English garden thrives in Washington Township
By Julie Thompson | Photos by Daniel Feldkamp
It could be said that the seasons of Barbara Eichert’s life have been carefully marked by each garden she has created.
Her love for the earth began at the Kansas farm where she grew up as a child. There alongside her mom she learned how to grow vegetables and enjoy the fruits of her labor by preparing foods such as canned pickles. She took her love for gardening with her and as an adult adorned each home she lived in with its own unique outdoor space.
Form and function
Over the decades she has transformed ordinary backyard spaces into exquisite masterpieces. The time she poured into each piece of land gave her something back in its own way. Underneath the symphony of blooms, Barbara has always found solace and joy in the layers of ordinary dirt. Hours of digging have allowed her to reflect and sometimes heal.
It’s a love that she feels blessed to share with her husband, Dr. Stephen Eichert. Perhaps that is why the couple went to great lengths to design their newest garden that has transformed the back yard of their Washington Township home. Barbara had done so many different designs over the decades including cottage, French and oriental gardens. This time, she and her husband were ready for something more formal.
“We are both very symmetrical and like discipline,” Barbara says about their choice to build an English garden. “And because of the space of our yard, we also wanted something that would be very intimate.”
The couple put their vision in motion by digging the first hole in the back yard themselves and planting an herb garden. However, they knew enough to realize they would need an expert to help them formulate a bigger plan. They hired local landscaper Tony Carpenter to craft plans for three main areas including the original herb garden, a sculpture garden and a lawn area.
A main path was created down the center of the yard from which three different access points were placed to lead to other areas of the yard. The paths not only lead to different parts of the garden, but also offer intimate sitting areas and spectacular angles where one can view the garden. An English garden is not something typically found in the Dayton market, which is one reason Carpenter was so thrilled to be given the job. Another reason is that Carpenter also had the opportunity to put some of his experience in England to work.
“I have spent time in Europe and have seen formal gardens that have been there for hundreds of years,” Carpenter says. “I was able to give them what they wanted because I had walked through gardens like that. The reason this garden works is due to the details. All the lines are straight and perpendicular and very exact. If they are off ever so slightly you will see it.”
Everything in the garden plays an integral part in the overall design. More than 250 boxwoods create noticeable edges along the garden’s back space while four smaller divisions among the smallest herb patches help lend to the larger feeling of formality and balance. The garden’s pathways, one of the more unusual details, were designed by Carpenter to closely mimic the gardens he saw while in England.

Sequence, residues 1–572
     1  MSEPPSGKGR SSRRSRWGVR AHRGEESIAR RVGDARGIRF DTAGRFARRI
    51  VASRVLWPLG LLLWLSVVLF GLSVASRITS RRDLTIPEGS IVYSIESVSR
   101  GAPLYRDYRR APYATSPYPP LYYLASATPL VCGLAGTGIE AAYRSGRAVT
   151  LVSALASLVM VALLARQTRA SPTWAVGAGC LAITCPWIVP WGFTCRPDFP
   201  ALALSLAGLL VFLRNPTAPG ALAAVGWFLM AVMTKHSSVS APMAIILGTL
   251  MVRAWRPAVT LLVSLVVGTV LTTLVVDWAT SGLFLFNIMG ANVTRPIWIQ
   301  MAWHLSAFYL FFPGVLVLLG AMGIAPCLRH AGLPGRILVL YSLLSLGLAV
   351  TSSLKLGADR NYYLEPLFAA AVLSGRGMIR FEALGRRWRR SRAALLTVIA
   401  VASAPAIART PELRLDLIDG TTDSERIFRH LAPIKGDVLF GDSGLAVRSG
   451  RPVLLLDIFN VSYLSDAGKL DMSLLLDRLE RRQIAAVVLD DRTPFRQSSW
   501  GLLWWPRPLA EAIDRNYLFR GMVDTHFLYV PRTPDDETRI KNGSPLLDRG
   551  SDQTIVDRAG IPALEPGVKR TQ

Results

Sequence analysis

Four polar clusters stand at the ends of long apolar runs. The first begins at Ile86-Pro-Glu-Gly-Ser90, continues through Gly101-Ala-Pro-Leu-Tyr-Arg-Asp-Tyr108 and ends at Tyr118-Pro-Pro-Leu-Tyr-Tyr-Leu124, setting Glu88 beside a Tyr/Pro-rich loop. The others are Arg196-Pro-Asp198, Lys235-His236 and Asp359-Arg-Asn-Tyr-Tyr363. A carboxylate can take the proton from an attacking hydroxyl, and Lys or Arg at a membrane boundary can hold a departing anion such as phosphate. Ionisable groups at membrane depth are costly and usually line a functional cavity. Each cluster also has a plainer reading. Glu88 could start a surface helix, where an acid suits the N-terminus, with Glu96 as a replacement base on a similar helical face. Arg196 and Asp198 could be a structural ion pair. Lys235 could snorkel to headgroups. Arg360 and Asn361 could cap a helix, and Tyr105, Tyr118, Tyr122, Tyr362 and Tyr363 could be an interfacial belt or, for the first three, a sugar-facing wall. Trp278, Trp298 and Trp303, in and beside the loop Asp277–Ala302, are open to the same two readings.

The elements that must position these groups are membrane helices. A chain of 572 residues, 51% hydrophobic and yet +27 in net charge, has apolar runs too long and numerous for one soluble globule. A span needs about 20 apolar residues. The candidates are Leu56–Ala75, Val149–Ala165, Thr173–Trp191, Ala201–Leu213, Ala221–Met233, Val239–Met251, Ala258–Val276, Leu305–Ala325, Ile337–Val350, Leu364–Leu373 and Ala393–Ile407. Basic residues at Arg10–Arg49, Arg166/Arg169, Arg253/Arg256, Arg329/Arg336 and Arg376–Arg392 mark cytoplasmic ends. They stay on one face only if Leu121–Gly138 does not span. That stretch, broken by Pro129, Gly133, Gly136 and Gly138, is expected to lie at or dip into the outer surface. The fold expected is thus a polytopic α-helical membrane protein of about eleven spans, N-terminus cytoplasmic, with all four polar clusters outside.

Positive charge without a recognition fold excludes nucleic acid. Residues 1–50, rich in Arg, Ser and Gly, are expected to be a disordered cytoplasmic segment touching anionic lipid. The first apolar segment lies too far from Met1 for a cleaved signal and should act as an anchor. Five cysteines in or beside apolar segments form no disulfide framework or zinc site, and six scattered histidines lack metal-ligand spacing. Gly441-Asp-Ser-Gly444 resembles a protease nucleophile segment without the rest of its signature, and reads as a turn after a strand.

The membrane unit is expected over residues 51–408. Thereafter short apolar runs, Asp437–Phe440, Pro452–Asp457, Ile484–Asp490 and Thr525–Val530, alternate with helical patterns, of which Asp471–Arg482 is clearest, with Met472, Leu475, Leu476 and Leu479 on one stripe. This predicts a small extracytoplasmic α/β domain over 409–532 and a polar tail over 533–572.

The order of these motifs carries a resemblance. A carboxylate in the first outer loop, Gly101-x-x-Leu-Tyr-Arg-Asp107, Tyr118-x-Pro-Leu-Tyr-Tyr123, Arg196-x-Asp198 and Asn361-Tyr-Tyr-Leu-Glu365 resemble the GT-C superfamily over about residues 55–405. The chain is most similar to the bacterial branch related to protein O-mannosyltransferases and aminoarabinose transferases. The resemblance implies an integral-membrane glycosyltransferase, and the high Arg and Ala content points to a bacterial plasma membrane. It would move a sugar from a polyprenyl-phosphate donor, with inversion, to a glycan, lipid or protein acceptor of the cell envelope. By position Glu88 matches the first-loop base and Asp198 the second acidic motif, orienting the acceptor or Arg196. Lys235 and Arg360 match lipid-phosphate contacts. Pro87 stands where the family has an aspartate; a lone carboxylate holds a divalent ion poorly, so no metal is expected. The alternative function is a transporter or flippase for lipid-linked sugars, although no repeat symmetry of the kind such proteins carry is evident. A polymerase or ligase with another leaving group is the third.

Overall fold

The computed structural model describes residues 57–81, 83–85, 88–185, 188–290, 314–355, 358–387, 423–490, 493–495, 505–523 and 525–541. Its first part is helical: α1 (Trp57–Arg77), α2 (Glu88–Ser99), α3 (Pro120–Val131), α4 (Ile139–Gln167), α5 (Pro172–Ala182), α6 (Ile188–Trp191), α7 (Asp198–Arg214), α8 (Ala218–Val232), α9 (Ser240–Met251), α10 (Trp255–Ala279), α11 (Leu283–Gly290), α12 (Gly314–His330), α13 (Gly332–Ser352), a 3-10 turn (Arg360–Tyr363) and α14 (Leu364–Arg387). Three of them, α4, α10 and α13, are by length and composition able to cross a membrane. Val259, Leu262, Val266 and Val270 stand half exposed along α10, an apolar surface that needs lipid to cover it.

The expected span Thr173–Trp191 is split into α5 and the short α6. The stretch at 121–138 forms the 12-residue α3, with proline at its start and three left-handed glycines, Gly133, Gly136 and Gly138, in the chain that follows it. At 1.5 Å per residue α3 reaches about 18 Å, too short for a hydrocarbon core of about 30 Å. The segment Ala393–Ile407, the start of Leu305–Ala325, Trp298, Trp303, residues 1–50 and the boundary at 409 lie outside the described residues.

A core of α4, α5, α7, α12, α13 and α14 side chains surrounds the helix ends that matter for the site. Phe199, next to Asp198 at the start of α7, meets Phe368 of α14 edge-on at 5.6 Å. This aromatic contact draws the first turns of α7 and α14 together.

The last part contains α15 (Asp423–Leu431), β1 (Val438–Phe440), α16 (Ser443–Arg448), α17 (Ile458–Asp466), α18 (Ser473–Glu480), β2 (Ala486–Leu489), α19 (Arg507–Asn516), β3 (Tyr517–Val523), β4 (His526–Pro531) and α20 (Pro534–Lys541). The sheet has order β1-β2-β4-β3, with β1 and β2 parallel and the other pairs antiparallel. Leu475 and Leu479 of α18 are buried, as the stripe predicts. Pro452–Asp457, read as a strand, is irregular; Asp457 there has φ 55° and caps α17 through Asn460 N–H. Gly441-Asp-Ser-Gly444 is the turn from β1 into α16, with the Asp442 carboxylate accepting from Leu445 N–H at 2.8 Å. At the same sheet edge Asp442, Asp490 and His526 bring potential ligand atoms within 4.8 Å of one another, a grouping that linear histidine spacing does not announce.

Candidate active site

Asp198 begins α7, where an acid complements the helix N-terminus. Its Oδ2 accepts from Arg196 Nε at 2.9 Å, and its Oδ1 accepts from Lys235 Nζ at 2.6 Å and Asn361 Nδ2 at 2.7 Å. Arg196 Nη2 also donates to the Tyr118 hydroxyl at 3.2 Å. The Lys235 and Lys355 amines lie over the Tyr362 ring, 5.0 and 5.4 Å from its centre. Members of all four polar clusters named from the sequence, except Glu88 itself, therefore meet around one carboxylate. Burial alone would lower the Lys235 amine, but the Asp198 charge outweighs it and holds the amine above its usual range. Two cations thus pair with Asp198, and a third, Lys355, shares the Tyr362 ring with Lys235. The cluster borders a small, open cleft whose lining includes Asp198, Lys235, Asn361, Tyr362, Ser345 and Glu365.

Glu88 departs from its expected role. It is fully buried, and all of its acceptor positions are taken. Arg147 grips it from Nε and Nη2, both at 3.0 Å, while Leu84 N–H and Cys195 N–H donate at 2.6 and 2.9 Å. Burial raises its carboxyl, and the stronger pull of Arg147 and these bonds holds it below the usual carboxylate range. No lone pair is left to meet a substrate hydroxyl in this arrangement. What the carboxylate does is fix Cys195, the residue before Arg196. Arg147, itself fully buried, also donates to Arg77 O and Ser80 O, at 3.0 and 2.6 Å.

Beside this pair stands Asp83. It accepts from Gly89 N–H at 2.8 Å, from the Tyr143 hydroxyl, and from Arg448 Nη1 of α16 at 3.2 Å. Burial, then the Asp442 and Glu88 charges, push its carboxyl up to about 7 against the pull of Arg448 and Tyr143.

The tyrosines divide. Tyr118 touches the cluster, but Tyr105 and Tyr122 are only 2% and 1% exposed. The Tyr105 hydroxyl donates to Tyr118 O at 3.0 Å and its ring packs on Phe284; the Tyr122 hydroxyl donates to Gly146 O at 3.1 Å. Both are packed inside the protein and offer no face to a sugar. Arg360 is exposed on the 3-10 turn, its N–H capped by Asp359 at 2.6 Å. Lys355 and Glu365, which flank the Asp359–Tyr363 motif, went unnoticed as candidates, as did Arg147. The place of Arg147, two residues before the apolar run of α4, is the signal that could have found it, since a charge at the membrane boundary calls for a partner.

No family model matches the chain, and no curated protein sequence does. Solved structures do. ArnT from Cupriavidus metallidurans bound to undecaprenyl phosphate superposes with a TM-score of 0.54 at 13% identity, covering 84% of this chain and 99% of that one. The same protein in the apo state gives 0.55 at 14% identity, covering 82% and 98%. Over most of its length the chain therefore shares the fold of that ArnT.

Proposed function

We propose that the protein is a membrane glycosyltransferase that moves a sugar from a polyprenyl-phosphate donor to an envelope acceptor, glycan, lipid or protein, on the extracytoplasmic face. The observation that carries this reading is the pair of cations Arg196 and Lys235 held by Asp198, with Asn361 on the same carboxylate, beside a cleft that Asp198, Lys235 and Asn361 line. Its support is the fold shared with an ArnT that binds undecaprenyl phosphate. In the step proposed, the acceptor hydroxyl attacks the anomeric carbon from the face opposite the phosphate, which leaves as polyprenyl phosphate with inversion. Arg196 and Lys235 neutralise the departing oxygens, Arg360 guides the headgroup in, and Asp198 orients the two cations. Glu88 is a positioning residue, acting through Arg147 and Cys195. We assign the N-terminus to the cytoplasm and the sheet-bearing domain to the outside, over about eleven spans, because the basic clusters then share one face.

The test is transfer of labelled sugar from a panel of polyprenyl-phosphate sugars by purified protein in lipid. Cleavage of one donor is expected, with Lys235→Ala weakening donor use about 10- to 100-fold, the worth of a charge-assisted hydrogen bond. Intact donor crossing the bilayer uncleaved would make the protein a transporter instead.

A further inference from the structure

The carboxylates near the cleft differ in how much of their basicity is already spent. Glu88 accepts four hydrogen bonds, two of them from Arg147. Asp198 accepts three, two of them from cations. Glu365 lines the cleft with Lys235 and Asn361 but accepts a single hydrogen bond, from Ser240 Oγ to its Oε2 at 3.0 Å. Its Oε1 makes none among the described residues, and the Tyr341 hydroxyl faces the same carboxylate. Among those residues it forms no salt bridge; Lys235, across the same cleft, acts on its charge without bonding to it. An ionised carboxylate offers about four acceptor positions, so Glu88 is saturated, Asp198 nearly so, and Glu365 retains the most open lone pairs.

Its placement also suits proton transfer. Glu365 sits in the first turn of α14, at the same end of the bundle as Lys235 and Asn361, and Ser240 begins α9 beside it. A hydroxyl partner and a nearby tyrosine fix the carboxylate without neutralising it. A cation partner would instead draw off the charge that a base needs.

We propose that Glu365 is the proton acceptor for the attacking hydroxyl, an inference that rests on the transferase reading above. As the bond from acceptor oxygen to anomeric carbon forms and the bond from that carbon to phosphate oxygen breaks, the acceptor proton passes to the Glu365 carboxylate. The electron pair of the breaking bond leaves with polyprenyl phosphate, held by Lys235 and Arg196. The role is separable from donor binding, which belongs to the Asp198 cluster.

True English gardens have crushed granite for their gravel pathways. Carpenter created his own formula when he was unable to find a similar product. He was able to create a mirror image of an authentic English garden by using slate chips. “When it rains (the pathway) looks like moving water,” Barbara says. “It is beautiful.”
It took two years to create the garden, but its space continues to evolve. The Eicherts are continually reshaping, relocating and retuning the finer details. Each year, Barbara plants more than 1,400 impatiens in the beds, while perennials that were planted years ago—such as the tree peonies—are now showing their true blooms for the first time.
Elegance and dimension
The couple has become known as fine collectors for their garden as well. Antique pieces are tucked in every corner of the garden, creating dimension among the various plants and flowers. Window guards from an old church now hang underneath their deck. The glass Barbara installed inside of the guards makes it seem as if one is peering into another garden.
The cobblestones in the herb garden were repurposed from the streets of Cincinnati. A four-foot solid bronze light fixture that once hung from a church in Missouri was purchased by the couple as a wedding gift to each other, and now is the home to a rose bush and winter gem. A Belgian artist created a pair of nine and four-foot rabbit frames for the Eicherts’ fourth anniversary. The rabbits, now stuffed with moss and soil, bring life to the garden.
Over the years, the garden has also grown from three spaces to nearly 10 intimate themed areas. Last summer, the couple brought in Jim Teske and Centerville Landscaping to help with some new additions including one of the garden’s two fountains. This one, which is also the largest, sits in the garden’s green area. Four large antique columns were also placed along the green area to create a wall. The flower baskets perched on top draw the eye upward and tie in the salmon color seen in flowers across the garden.
“Their garden is so exquisite, it is the real deal,” Teske says. “The detail alone is astounding. Barbara has poured her heart and soul into this garden.”
The impressive English garden might seem complete when viewed by an outsider. But to the Eicherts, it is just the beginning. If there is anything they have learned over the years, it’s that the creation of a garden merely lays the foundation for future ideas to take root. And this one is certainly no exception.